I recently told an Australian officer whom I greatly admire that I was writing a column on the Dibb Report and was having a hard time moving beyond what Michael O'Connor, President of the Australian Defence Association, calls the Report's provision for Australia's de facto withdrawal from ANZUS.' The officer in question advised me to go back and look beyond the rhetoric and I would find that the proposals made were not as detrimental to the United States as they seem.
I went back. I re-read and re-studied. Unfortunately, the rhetoric is impossible to ignore:
ANZUS is no longer vital' to Australia but rather is significant' to Australian defence.
'There is no requirement for Australia to become involved in ANZUS contingency planning for global war. Neither this possibility, nor other remote possibilities for calls of assistance under ANZUS, should influence the structure and equipment of the ADF — apart from the need to maintain a degree of inter-operability in key areas such as common communications.' (Emphasis supplied.)
There are now no likely contingencies ... where we would likely be fighting in alliance with American forces....'
Ship visits, B—52 landing rights, and bases are now deemed sufficient for Australia's contribution to the ANZUS. At a time when technology is shrinking the world and making all countries more interdependent than even before, Australia's 'new nationalism' appears to be turning the Commonwealth inward instead of outward toward the world. Defence relationships that have been highly successful in the past, such as those with Malaysia and Singapore, have been terminated and ANZUS is drifting. Instead of extending her influence throughout Southeast Asia, Australia is abandoning hard
won positions of influence in the guise of better self-defence.
John Gunther. writing in 1972 in his book Inside Australia, analyzed proposals similar to • those made by Dibb. and called the effect of such policies.
'(a)rmed neutrality' (which) amounts to withdrawal from forward bases in favour of a flexible, mobile force based, probably, in northern Australia... The essence of the strategy is that the home force could stop any small conventional attack; therefore an aggressor would have to attack in such force as to constitute a sizeable war. and the US would have no choice but to come to (Australia's) aid.... A variation of armed neutrality is the proposal for an Israeli-like semimilitary society, in which every citizen is a soldier; such a nation, though small in population, can be fearfully dangerous to attack. The difficulty with this approach is that it sacrifices the delights of the consumer society, and requires persuading people that they are living in a fools paradise.'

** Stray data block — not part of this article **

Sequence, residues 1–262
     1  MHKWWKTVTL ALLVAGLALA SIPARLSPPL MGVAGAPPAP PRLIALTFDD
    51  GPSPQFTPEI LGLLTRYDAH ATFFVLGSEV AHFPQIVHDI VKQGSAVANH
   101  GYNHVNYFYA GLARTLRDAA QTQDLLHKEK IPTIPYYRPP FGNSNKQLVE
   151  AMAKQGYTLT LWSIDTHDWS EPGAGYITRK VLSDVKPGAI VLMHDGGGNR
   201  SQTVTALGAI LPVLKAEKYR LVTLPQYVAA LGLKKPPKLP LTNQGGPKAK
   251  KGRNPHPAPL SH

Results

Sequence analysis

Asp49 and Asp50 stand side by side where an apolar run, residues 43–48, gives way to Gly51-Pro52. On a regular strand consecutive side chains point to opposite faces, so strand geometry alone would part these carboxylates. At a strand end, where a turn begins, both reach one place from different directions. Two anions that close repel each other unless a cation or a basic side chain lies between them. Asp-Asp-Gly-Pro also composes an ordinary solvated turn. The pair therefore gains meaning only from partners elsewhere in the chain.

At least had a proposal that an Israeli-type reserve army system been put forward. I could believe that the Commonwealth had a reasonable belief that it could defend itself from any form of aggression against its territory. Instead, the famed Australian Army, reduced to a paramilitary force, will only number 60,000 regulars and reserves. Even if Dibb's assumption that the primary threat against Australia is from a low-level attack (and please note that I do not quibble with the assumption), the standard ratio of regulars to insurgents is given as 10:1. Assuming Australia fields 50,000 men during an emergency, it will not take a very large number of invaders to dissipate (his force at 10:1, particularly if they land in a coordinated manner in widely dispersed locations. And just
November '86. Journal of the Australian Naval Institute — Page 57